Over the several years, I’ve had the opportunity to begin designing emergent curriculum with several different groups of writing teachers. Last week, our journey continued as we began to embrace the opportunities and confront the challenges inherent in co-designing curriculum with young writers. And that’s what we’ve been trying to do: Design with kids, rather than ahead of them.

It’s not uncommon for people to assume that emergent curriculum is purely student-driven. It’s also not uncommon to assume that such curriculum is built on the interests of children and completely controlled by their whims, rather than evidence of their strengths and needs and a keen understanding of our shared learning targets.

These are reasonable assumptions for writing teachers to make in the age of standardized curriculum. They’re also inaccurate.

Designing emergent curriculum is not quite as simple as tossing our prefabricated maps or plans and just letting kids do whatever they want to do. As Diane Kashin, Ed.D, RECE explains, it’s not a free for all: “Emergent curriculum is not child directed. Rather it is child originated and teacher framed.”

Frames are different from maps or standardized programs, which promote linear planning and assessment. Frames allow teachers to control for quality learning inside of an environment that is responsive to the strengths, needs, and curiosities of the learner. Emergent curriculum is flexible, collaborative, and cyclical rather than linear. The decisions that teachers make are based on evidence gathered from pedagogical documentation: The study of how learning happens. This is very different than traditional curriculum planning, which prioritizes content, the mastery of discrete skills, and the achievement of outcomes, many of which are defined prior to learning and often based on outdated evidence.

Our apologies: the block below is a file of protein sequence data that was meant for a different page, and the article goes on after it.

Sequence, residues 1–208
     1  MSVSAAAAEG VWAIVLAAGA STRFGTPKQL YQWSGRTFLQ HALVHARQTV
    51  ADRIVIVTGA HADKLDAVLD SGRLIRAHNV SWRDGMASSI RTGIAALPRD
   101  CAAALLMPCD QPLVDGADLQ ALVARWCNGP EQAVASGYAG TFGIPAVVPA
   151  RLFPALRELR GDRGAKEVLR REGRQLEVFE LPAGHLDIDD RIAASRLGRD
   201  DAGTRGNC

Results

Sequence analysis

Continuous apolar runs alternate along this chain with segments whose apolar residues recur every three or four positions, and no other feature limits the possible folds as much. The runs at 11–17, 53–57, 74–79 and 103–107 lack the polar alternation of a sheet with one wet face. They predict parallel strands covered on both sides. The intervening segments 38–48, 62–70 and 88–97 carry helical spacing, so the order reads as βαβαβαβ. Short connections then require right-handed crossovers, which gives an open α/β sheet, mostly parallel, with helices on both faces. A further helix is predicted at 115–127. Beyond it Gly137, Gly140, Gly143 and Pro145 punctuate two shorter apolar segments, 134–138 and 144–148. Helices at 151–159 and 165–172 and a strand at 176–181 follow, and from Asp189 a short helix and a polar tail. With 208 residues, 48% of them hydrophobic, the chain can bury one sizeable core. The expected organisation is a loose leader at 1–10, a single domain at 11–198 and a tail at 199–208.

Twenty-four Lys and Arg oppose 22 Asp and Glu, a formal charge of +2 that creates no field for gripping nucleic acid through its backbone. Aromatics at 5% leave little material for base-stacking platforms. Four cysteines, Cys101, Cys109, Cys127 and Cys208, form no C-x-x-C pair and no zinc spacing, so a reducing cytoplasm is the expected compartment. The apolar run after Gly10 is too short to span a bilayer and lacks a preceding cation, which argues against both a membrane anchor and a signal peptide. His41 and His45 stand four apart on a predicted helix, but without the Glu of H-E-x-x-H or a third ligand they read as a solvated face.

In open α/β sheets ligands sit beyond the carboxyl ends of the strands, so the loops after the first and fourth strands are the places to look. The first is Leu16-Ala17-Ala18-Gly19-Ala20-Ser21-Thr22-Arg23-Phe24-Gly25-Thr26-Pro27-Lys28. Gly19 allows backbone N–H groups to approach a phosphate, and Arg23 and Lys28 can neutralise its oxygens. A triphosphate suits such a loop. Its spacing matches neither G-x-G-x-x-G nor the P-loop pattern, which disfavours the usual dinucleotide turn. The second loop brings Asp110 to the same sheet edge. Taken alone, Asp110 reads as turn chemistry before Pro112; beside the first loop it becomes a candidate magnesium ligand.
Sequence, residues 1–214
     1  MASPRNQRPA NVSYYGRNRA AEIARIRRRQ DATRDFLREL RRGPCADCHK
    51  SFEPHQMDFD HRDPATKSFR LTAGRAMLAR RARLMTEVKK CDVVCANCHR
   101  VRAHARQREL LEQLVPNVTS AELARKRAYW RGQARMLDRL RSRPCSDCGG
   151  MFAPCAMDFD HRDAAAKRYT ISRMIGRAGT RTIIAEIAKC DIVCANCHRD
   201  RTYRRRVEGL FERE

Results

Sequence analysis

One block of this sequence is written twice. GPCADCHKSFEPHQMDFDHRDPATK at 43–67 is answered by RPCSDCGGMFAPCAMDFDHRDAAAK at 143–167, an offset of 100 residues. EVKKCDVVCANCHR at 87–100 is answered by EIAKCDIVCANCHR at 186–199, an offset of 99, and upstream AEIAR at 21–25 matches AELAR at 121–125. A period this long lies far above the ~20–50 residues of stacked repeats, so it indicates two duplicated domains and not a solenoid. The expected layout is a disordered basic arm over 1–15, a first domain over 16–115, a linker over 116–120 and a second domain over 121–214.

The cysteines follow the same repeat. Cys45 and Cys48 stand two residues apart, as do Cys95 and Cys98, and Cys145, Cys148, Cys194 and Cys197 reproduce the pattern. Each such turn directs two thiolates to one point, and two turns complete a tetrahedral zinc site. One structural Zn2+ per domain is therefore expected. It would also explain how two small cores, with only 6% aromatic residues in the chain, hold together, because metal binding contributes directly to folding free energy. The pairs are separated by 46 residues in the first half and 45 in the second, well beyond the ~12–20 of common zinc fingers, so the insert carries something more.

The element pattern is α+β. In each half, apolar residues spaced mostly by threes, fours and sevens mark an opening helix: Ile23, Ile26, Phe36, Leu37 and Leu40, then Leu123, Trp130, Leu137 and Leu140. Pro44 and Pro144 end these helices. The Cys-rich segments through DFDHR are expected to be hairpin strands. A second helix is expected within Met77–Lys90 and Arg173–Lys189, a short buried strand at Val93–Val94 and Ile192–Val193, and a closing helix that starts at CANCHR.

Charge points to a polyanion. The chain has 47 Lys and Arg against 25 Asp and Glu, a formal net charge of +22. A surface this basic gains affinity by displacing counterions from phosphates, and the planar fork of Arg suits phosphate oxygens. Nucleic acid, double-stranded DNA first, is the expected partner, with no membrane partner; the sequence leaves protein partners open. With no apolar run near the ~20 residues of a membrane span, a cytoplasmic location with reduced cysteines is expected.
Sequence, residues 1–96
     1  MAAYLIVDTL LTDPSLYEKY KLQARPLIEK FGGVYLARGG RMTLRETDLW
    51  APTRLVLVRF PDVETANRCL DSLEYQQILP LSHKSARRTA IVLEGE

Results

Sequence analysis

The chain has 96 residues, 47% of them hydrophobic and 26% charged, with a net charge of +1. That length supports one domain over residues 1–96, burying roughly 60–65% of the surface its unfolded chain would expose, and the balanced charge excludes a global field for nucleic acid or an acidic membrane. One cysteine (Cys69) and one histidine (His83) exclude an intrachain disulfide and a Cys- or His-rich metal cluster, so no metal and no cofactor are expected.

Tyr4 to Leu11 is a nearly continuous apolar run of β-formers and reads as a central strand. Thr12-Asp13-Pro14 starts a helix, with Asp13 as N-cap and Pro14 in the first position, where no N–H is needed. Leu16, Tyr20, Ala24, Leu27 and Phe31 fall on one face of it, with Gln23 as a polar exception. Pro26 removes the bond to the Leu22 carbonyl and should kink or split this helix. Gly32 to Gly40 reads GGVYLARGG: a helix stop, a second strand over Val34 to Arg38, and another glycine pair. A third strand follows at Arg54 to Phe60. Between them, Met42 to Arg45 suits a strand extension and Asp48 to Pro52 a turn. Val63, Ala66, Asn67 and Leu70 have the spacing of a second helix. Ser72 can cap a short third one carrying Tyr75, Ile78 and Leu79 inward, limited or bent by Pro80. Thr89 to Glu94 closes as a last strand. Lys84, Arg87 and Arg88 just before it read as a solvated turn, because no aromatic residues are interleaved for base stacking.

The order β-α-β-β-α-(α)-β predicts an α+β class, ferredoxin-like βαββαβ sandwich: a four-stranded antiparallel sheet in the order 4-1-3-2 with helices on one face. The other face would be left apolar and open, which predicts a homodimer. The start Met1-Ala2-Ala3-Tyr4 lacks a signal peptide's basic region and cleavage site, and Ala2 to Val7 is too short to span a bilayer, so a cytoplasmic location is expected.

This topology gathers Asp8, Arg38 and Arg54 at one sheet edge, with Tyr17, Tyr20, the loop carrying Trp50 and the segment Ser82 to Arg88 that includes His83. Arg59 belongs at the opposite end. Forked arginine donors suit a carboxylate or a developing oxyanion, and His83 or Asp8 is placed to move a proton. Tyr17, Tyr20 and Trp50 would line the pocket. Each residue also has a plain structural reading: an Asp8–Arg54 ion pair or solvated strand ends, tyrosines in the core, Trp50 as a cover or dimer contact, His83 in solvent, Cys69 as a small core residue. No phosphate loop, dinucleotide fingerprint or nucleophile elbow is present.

Emergent learning is socially constructed. While teachers may define what lives at the center of a shared exploration, including the mode or genre under investigation and the essential questions and learning targets that writers will pursue. These elements are defined by practicing empathy, though. We begin by immersing ourselves in the lives of our students and not simply the standards we’re mandated to follow. We observe kids at work and play inside of carefully constructed environments, and we interview them about how their thinking, learning, and work is changing. We invite them to share the theories that are emerging as a result.

The visual above captures the cyclical nature of the emergent curriculum design process that I’ve been testing in some of the schools that I support. I plan to spend much of the next month unpacking it here every Tuesday and Thursday. I’ll share the tools I’ve designed, my stories from the road, and all of the stones I’ve caught in my shoes along the way. This is experimental work. I’m still learning, and so are the teachers that I support. I’m excited to share progress with you, though. I hope you’ll challenge the ideas I share and add your own as well.

If you’re looking for more information and inspiration, know that I plan to link out to every emergent curriculum thought leader I’ve been stalking for the last several years as well. We Americans have much to learn from educators in other countries. I’m grateful that technology gives us the means to try.



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